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Black-bear sightings jump across B.C.

Glenda Luymes

Mick Webb hangs bear aware signs in North Vancouver on June 16, 2017. Webb is a volunteer with North Shore Black Bear Society. (Jason Payne/Postmedia Network)

Mick Webb hangs bear aware signs in North Vancouver on June 16, 2017. Webb is a volunteer with North Shore Black Bear Society. (Jason Payne/Postmedia Network)

Black-bear encounters across B.C. are up significantly compared to last year as snow lingers in the mountain meadows where they usually find food.

Between January and the end of May, B.C. conservation officers received 3,189 reports of black bear activity, according to the Wildlife Alert Reporting Program (WARP), a database that tracks wildlife reports. Over the same period last year, officers received 2,191 calls. In 2015, they received 2,372.

In May and June in the Lower Mainland alone, the number of reports is triple that of last year, from 550 calls last year to 1,643 this year.

"There's been increased calls across the province, not just in one or two communities," said Vanessa Isnardy, a bear educator with WildSafeBC. "There's likely several factors at work, but I'd say weather is definitely contributing to increased activity."

As bears emerge from hibernation in April, they're looking to replenish about 30 per cent of the weight they lost in the winter. They roam to find sweet, digestible greens like horsetail and clover that aren't covered by snow, and that sometimes brings them into urban areas.

"Bears have an excellent memory," said Isnardy, who works in Squamish. "If they don't find food quickly, they'll remember the easy calories they found the year before. So if they got into compost or a bird feeder in the fall, they may make their way back in the spring."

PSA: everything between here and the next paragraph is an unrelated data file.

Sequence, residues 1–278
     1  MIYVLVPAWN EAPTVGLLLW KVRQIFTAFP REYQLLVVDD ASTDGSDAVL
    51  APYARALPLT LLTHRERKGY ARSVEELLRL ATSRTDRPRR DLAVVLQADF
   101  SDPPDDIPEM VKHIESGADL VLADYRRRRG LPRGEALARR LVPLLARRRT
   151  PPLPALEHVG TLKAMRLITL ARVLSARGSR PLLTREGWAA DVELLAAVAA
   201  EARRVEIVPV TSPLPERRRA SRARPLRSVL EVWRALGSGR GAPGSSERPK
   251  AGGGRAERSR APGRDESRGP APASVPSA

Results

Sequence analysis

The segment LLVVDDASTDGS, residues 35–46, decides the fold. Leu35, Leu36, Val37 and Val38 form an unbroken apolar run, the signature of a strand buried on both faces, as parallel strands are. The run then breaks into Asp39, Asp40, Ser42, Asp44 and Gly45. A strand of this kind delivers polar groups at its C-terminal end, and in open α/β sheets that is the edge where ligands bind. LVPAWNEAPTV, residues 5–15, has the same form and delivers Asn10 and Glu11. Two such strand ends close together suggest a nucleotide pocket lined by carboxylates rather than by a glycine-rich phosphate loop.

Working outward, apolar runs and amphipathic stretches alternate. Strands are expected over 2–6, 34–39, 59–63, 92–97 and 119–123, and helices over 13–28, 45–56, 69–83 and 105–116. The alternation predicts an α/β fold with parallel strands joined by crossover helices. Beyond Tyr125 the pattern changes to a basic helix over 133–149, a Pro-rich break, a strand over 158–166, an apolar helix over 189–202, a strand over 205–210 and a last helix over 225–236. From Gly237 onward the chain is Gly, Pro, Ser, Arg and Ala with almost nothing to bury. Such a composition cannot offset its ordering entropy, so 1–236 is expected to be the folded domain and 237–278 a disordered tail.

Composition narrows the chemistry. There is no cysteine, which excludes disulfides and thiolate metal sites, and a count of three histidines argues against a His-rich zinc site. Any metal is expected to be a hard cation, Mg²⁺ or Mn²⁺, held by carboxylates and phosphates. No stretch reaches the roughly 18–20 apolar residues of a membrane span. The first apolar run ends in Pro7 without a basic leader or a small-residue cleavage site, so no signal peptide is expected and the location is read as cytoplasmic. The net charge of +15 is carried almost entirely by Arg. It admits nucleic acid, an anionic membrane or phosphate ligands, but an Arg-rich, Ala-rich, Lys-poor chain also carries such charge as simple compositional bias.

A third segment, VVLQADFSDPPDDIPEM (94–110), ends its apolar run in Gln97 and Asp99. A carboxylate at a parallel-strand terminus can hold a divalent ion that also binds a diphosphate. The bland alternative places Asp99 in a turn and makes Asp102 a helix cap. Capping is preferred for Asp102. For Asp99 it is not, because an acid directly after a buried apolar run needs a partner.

Competition also plays a large role, as the low snow pack concentrates populations at lower elevations, and females with cubs and young males try to avoid mature male bears.

Family dynamics may be partly to blame for several sightings on the North Shore this spring, said Christine Miller, education co-ordinator for the North Shore Black Bear Society, which — like WildSafeBC — provides bear education services.

Miller said a mother and three cubs were active in West Vancouver last year, while in North Vancouver a mother and two cubs were often sighted. Those two families — seven bears in total — will likely split up this year. If they continue to spend time in the community, encounters are likely.

"I do predict that it is going to be a bad year for bear deaths," she said, explaining that relocations are usually unsuccessful and conservation officers are forced to euthanize problem bears that pose a risk to public safety.

"The best option is for us to provide them with nothing to eat," she said.

Miller said homeowners have largely heeded advice about securing garbage and compost, but bird feeders are a particular problem. Fruit trees and backyard chickens must also be managed properly to avoid attracting bears.

Conservation Officer Service Insp. Murray Smith said some people hesitate to report a problem bear to the RAPP line (1-877-952-7277) because they're afraid it will be euthanized.

"We destroy so few bears," he said, explaining reports allow officers to co-ordinate interventions that prevent the situation from escalating, including educating neighbours about removing attractants.

On Wednesday, Niki Tavouktsoglou was shocked to see a bear in her backyard in downtown Chilliwack. She looked out her window as she was brushing her teeth and did a "double take."

"I spit out the toothpaste and ran to the deck to take pictures," she said. "I've never seen a bear before in my life, let alone in my backyard."

On Friday, WARP was showing more than 50 black bear reports in the last 24 hours in places like Squamish, Port Moody, Quesnel, Coquitlam, Okanagan Falls and West Vancouver.

Several Internet message boards about local trail conditions also contain warnings about bears that have been seen by hikers, mountain bikers and runners.

In late May, a man was scratched by a black bear while walking in a Squamish park. A few days later in Merritt, a jogger was chased and attacked by a bear, but managed to scare it off. The vast majority of bear reports are not attacks.

Smith said he expects to see the numbers ease a little as we enter the summer months and natural food sources are in abundance.